The term ’non-traditional’ seems ubiquitous in higher education today, but even The National Center for Education Statistics is pushed for a more precise definition of this increasingly influential force in the student population. What typically characterizes those in the non-traditional category are students with part-time status, are outside the traditional 18-24 age range, or who have children or other dependents. There are other likely definitions such as having a GED rather than a high school diploma, possessing veteran’s status, the first in their family to go to college, distance learners or ESL students.
If hard to define, the impact of non-traditionals on the campus is anything but. Rather than representing a minority, 75 percent of all undergraduate students fall under at least one of these characteristics — and that figure is only likely to rise. The CLASP Center for Postsecondary and Economic Success predicts that non-traditional student enrollment is projected to increase more than twice as fast as traditional student enrollments between 2012 to 2022, yet the changing makeup of the student population is less about demographics and more about the challenges of providing the education and support that will enable these students to succeed.
CHANGING LEARNING, AND WHAT'S LEARNED
"This is a different customer base than the traditional student on campus," pointed out Lisa Malat, Vice President and Chief Marketing Officer for Barnes & Noble College, in a recent College Store Magazine article. "College administrators and educators need to do whatever they can to develop the kinds of messaging and programming that will resonate with (these) students now," she advised. Keeping the college experience desirable and relevant for a cost-conscious and time-crunched population, with highly specific academic objectives, is introducing a new and highly disruptive element to higher education. It’s a dramatic shift to a more consumer driven presentation of course subjects and teaching methods, and has significant ramifications for college faculty. Increasingly, core learning materials are being augmented, and even replaced, by non-traditional sources such as Open Educational Resource (OER) platforms, providing the opportunity for more customized, faculty-designed content.
According to Barnes & Noble College's recent Achieving Success for Non-Traditional Students report, 42 percent of respondents took at least one class online just in the last semester, with 69 percent of non-traditional students saying the ability to take courses online is important. Faced with factors such as convenience, transportation and cost — all vital considerations for anyone juggling their education with multiple off-campus responsibilities — non-traditional students are more likely to prefer online courses than their traditional counterparts. Outside of the classroom, and reflecting their increased financial responsibilities, career support is considered a priority for non-traditional students, but many feel like they could still use more help from their schools. According to the study, 72 percent of non-traditional students consider career counseling an important resource with many expressing a more pronounced interest in getting help with developing career skills, finding and applying for jobs, understanding the job market and networking.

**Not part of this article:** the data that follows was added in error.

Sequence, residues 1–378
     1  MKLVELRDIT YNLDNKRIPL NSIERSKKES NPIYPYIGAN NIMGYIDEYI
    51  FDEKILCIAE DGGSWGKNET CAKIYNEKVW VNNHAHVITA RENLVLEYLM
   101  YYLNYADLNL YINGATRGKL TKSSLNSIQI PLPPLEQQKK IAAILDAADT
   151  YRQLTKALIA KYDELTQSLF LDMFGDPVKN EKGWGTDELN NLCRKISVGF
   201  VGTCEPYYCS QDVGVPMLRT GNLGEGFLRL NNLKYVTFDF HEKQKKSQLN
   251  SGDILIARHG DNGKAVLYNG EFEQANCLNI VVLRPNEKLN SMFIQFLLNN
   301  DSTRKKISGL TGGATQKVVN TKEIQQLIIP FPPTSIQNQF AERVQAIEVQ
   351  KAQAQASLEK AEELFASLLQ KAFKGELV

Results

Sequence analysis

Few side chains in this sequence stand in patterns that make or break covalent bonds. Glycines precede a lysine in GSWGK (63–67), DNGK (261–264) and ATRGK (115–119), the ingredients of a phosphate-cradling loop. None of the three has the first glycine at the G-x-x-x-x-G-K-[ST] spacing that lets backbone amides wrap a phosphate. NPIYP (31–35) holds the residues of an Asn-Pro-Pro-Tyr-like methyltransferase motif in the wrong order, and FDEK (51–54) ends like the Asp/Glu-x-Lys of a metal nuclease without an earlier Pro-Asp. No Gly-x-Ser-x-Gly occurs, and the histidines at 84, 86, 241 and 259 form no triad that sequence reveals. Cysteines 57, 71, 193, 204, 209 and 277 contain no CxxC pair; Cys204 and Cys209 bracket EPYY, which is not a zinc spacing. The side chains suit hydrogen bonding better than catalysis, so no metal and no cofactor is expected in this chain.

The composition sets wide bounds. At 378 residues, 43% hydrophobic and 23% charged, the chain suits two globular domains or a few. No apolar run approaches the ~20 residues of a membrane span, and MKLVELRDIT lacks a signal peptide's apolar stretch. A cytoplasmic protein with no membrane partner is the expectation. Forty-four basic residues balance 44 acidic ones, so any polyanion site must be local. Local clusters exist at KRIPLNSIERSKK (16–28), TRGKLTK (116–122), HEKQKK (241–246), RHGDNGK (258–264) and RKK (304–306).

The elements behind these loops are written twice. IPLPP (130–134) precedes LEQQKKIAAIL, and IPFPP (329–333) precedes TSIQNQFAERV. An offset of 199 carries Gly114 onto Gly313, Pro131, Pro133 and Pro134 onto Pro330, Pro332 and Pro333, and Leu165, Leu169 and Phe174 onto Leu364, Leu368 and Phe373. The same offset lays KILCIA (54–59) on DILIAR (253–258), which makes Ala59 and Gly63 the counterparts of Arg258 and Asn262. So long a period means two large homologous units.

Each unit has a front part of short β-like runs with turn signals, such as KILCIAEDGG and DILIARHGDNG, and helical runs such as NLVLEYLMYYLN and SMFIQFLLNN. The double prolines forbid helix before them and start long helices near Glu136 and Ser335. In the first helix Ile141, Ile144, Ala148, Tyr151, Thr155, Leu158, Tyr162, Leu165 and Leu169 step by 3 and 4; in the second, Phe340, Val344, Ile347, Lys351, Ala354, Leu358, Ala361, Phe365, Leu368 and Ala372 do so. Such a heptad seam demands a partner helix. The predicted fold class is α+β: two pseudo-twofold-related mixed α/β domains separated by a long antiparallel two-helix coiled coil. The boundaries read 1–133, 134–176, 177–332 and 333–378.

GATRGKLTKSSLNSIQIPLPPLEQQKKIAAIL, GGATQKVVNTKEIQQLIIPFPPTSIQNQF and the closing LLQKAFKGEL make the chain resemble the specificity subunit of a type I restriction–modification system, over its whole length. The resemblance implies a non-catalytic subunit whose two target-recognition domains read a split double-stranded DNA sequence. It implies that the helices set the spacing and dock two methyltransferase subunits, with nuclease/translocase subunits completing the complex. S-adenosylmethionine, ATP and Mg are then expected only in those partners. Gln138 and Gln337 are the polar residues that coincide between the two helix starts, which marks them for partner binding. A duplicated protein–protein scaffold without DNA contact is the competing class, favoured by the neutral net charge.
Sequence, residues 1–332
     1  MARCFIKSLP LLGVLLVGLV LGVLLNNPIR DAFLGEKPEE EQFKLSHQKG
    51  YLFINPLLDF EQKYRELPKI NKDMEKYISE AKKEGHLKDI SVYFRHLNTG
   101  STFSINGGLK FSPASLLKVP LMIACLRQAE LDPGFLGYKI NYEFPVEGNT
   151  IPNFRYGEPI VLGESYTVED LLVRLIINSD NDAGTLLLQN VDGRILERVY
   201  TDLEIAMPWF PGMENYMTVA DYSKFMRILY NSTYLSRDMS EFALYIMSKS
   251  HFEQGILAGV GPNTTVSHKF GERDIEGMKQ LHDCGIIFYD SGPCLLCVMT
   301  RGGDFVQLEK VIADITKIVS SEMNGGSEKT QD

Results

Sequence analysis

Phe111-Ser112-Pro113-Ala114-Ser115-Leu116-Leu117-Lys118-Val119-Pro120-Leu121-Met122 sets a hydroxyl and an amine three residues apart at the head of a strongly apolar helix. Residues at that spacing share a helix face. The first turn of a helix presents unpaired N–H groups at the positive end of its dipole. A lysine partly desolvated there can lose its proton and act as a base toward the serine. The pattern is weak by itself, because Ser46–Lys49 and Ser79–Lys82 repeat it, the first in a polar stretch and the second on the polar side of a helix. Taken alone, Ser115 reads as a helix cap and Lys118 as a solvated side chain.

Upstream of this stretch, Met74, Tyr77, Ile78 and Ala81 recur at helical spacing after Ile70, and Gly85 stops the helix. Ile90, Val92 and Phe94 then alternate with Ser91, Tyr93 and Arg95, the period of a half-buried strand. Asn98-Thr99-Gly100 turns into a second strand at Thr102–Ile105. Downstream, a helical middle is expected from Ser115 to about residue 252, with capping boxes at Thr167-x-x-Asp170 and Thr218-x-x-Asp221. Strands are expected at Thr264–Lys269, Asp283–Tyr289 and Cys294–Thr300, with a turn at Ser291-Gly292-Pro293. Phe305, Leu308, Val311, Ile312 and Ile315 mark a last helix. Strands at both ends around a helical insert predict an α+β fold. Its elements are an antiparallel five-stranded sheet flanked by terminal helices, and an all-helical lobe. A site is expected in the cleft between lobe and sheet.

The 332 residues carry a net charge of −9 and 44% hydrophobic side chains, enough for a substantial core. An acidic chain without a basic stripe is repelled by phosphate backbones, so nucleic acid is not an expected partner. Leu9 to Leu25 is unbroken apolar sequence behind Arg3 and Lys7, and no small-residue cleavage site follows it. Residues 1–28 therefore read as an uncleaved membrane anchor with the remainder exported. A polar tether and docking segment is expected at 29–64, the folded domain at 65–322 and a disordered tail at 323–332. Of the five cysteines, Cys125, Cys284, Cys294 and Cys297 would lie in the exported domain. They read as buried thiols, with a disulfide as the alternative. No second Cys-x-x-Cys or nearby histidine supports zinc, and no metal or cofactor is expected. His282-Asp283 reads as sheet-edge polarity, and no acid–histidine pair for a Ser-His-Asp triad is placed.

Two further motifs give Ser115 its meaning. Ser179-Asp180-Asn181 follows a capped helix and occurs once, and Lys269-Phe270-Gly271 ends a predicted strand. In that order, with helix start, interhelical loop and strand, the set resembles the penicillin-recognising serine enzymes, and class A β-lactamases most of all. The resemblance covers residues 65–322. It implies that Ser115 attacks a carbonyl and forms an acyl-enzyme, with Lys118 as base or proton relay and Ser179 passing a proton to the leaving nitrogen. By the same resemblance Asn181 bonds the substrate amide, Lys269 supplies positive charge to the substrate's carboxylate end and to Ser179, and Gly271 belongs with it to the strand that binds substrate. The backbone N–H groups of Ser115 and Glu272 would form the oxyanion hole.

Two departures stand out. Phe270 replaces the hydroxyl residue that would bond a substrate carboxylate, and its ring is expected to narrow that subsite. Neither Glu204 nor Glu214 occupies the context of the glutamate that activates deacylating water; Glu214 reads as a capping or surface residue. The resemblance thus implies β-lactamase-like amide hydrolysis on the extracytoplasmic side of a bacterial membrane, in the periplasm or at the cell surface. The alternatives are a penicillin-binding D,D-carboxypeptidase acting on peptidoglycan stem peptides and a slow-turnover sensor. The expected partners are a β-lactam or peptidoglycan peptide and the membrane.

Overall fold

The research also reflected a harsher reality for non-traditional students: Many of the students polled felt isolated from their campus and only 37 percent of those considered ‘at-risk’ felt confident they would be able to accomplish their goals. Access to education, while managing hectic and sometimes stressful lives, is a clearly distinguishable success factor for these students in achieving those goals. And as the non-traditional category expands, educators will be under even more pressure to tailor the delivery of their courses to increasingly more exclusive populations. By 2020, for example, over five million service members are expected to transition out of the military, and with the passing of the Post-9/11 GI Bill nearly ten years ago, college campuses have already seen a marked increase in enrollment of veteran students across the country. There is also a move towards colleges developing well targeted and highly intense courses designed to provide students with the skills and qualifications they need for specific professions while reducing the study time required away from the wage-earning workforce.
Reflective of the social environments they serve, the impact of non-traditionals on higher education is being seen in the development of more inclusive and accommodating campus environments — along with teaching programs that reflect a wider sense of diversity. As a group, non-traditional students are particularly vigilant in weighing the value of college and how their investment might translate directly to better careers and higher earnings, or help them realize that dream profession. With the motivation and power of being able to comparison shop for those institutions and those course offerings that best fit their needs, they’ve become the savvy consumers of higher education and the lightening-rod that is forcing colleges to continually re-evaluate and improve the educational services they offer in order to stay viable.
Achieving Success for Non-Traditional Students report, click here.
For more information about Barnes & Noble College Insights, click here.